Oh no! I’ve left you guys back in Waitomo, whilst I’ve been enjoying Pureora Forest.
In fact, I’ve even gone across the 42 Traverse without telling you anything!
Alright then, time for a quick catch-up.
Going through to Te Kuiti was very hilly (in typical King Country stye), with some serious slippery mud at the start. I did make it through in one piece thankfully, managing to get in before the cafe closed.
Resupplied, then met up with the local group leader (despite the group being in recess) for dinner, and a nights accommodation in the Scout hall.
Next day was very rough… Some serious rain had passed in the night, and it was still going in showers the next day. Which made an already (infamously) treacherous track even more dangerous.
Lots of traversing along steep slopes, with barely enough room for even one foot at some points. Not going to lie, I did concern for my safety at points.
Thankfully I made it through alive, just as the last shower had passed and the sun was breaking out.
Camped just off the side of the road for the night. Little had I known, just a couple kms down the road a German man named Tim (who I had met briefly before) had been camping. So I caught up to him in the morning and we teamed up to take on the road section from Mangaokewa Valley to the campsite at Pureora (township).
He set of early the next morning, whilst I hung around until 9 o’clock, letting things dry from the dew overnight, so I didn’t see him again through the forest.
Climbed to the top of Mt Pureora, where I enjoyed panoramic views including Lake Taupo (which didn’t come out well in photo) and Mt Ruapehu (which was hiding behind the only cloud in the sky…).
Down the hill from there on a very gradual slope to get to Bog Inn Hut. Whilst it did have a bog, sadly it was missing the Inn. Though it was a lovely little hut, and it did well for the night.
The next day saw me walking through some beautiful bush, with huge Rimu, Totara, Matai, and other native Podocarps, which thankfully remain untouched by logging.
The track itself taking me from Bog Inn to Waihaha, where I shared the hut with an American man who’s came to New Zealand to do his PhD and isn’t thinking of heading back any time soon.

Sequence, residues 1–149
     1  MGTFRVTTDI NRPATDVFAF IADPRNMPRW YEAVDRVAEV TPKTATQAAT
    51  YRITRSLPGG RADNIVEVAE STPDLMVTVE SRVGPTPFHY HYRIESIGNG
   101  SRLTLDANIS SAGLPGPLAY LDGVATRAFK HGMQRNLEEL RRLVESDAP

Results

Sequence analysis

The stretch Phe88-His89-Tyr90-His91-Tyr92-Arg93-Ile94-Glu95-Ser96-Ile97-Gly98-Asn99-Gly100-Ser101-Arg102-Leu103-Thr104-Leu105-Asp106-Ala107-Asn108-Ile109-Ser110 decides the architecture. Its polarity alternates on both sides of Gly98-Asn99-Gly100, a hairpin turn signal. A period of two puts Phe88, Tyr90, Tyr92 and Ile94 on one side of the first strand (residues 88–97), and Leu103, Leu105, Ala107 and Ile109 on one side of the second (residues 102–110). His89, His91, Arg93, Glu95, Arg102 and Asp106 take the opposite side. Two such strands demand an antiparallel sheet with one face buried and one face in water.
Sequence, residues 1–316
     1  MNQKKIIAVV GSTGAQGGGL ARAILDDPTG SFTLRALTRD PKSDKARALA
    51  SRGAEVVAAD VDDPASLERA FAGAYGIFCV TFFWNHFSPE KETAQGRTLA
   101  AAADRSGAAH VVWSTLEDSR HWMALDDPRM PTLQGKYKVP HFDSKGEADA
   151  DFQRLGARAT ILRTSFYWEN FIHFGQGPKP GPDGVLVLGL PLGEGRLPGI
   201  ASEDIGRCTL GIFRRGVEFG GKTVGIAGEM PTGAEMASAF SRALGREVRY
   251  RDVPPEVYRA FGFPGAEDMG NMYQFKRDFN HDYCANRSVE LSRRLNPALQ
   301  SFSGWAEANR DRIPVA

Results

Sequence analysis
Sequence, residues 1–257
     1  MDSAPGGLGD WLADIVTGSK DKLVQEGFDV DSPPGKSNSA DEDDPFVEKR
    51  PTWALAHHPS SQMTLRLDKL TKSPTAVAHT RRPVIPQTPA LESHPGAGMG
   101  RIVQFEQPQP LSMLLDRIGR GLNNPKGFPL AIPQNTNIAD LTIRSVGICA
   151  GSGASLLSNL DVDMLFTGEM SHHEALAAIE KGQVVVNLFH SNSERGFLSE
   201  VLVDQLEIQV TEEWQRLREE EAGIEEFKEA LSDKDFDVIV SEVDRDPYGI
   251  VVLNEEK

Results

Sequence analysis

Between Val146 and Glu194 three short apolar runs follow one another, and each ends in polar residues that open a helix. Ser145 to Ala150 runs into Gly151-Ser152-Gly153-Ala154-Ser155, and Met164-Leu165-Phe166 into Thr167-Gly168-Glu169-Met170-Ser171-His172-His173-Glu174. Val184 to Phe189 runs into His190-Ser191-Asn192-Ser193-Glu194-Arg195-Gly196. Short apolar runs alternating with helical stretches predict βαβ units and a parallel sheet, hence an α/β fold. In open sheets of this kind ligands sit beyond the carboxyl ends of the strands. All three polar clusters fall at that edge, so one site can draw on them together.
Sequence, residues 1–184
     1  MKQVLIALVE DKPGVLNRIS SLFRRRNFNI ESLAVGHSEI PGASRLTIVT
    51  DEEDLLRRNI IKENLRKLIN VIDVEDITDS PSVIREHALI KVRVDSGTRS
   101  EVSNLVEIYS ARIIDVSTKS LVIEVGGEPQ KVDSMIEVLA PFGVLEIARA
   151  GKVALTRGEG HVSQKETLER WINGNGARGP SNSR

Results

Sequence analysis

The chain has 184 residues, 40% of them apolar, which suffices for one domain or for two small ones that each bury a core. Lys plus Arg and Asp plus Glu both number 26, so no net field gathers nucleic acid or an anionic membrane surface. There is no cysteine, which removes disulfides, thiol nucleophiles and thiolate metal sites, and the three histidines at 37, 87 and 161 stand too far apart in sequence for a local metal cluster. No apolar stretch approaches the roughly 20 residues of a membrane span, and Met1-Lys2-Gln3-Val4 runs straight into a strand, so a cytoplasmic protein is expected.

In fact, just a couple of Kilometres before the hut there was an arrangement of silver fern fronds which seemed to be spelling some kind of message… 1000? Oh, that’s right. This was the 1000km mark for the whole trail, meaning I am now over 1 third of the way to Bluff… Very tempting, just keep going, complete it all in one hit. But alas, life gets in the way and I must stop in Wellington.
Regardless, I pushed on to Hauhungaroa hut the next day, making it there by lunchtime. I even managed to find a spot of signal where I could look at the weather forecast and decide that… I’d rather be under a solid roof for the night.
So I busied myself for the afternoon; had a good fire going for the evening and set off early the next morning to get to Taumarunui.
Now, I know the sign says “26kms”, but I had to get out of the bush, including wading through near knee-deep water, and down a road (where I had to climb over an iron gate that was taller than me). That all up was about 11kms, meaning I did 37kms in one day. No wonder I was too exhausted to bother with dinner, let alone write a blog post to update you guys on my not-so-rambly Ramble (honestly thought I’d be off topic more than I am when I started this).
Now I did say that I had already traversed the 42 Traverse, which is south of Taumarunui, so how did I manage that?
Well I started with a short day of road walking from my Taumarunui accommodation, through Owhango to the Dominion Road carpark just at the start of the 42 Traverse. With a quick pace I managed to get through to SH47 and down the road towards the northern end of the Tongariro crossing the next day. That said though I’m not sure that I’ll be able to actually do the crossing due to severe weather for the next few days. So I may have to bring my continuous line down the side, past the mountain and come do the crossing in a separate trip. I was looking forward to it too!